in the unobscured backing area, Ec>0, and PRV=0
in a semitransparent area, Ec>0, and PRV>0
in the opaque subject area, Ec=0, and PRV≧
These definitions are more fully explained in co-pending application Ser. No. 08/240,881, filed May 9, 1994, now U.S. Pat. No. 5,557,339.
A method is disclosed for removing a foreground subject and its shadow from a series of image frames including a subject before a colored backing being photographed by a moving camera during a live broadcast. Such removal results in a series of image frames of the colored backing without the subject, each image frame corresponding to an image frame containing the subject. The method steps employed identify, for each frame, those pixels in the frame occupied by elements of the subject. Those pixels are set to an RGB level of zero, to create an image of the colored backing in which the subject area is reduced to black. The image of the colored backing is then smeared to obliterate the defined edges of the subject's shadow and to smear the color of the backing into the black area previously occupied by the subject to generate a clear frame. The clear frame is then utilized to compensate for backing luminance and color nonuniformity, thereby preventing visibility of the joining edge of generated windows that extend the backing to the edge of the frame.
FIG. 1 is a visual display of control signal Ec forming a black silhouette matte of a foreground subject against a white field and the subject's shadow.
FIG. 2 is a block diagram showing one embodiment of the invention for producing clear frames implemented in hardware.
FIG. 3 is a block diagram for implementing an alternate embodiment of the invention that shortens the processing time to produce clear frames.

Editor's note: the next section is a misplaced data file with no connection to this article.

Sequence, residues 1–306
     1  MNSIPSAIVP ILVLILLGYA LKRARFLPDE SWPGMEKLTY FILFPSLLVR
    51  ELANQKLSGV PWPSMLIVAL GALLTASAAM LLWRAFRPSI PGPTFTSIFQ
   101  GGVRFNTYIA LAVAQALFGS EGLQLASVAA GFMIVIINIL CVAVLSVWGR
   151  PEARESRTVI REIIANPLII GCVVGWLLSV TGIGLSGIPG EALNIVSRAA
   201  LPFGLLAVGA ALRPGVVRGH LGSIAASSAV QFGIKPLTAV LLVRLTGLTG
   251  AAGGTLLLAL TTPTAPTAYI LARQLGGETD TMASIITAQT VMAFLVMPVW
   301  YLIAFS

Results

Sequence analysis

In FIG. 1, the display 1 of control signal Ec is that of a black silhouette matte 2 of a foreground subject against a white field 3. The subject's shadow is shown as an area within dashed line 5 against the white field. The edge of a moving (or out of focus) object is slightly blurred and semitransparent, and is displayed as the area between silhouette matte 2 and dashed line edge 4. This area within dashed line edge 4 represents the transition between the subject and the colored backing, and contains elements of both. It is necessary to remove the subject, its shadow, and those subject elements in the transition area, from each image frame to synthesize a series of clear frames.
Those pixels in the opaque subject area and transition area, may be identified as noted above. These two areas, containing all of the elements of the subject, will be assigned a value of zero. What remains in the image frame is the colored backing field 3 of the backing with a black hole in place of the subject 2. When this image is smeared, the well defined edge of shadow 5 is obliterated and the shadow is lightened. The colored backing 3 is smeared into the black area 2 and 4 representing the subject and the subject's edge transition to the backing.
Smearing is accomplished by averaging the RGB levels of a local pixel group 7 surrounding each pixel 6 in the frame. Pixels having a value of zero represent the subject and are deleted from the averaging process. The size of the pixel group 7 is selected as a function of the shadow size and the relative uniformity of the backing. Pixel group 7 will be automatically adjusted larger or smaller as a function of a zoom signal that alters the lens angle and the size of the backing in relation to the raster.
On a typical illuminated backing, there are no sharp changes in luminance or color. Generally, there is a smooth fall off toward the corners, with a smooth transition from lighter to darker areas. The smooth transitions of backing luminance remain essentially unchanged when the image is smeared. The result of eliminating shadow definition, and of filling in the black area representing the subject, is a synthetic clear frame of sufficient quality to be used for screen correction. The method described above for generating clear frames is adequate for installations that use a practical (real, non blue) floor.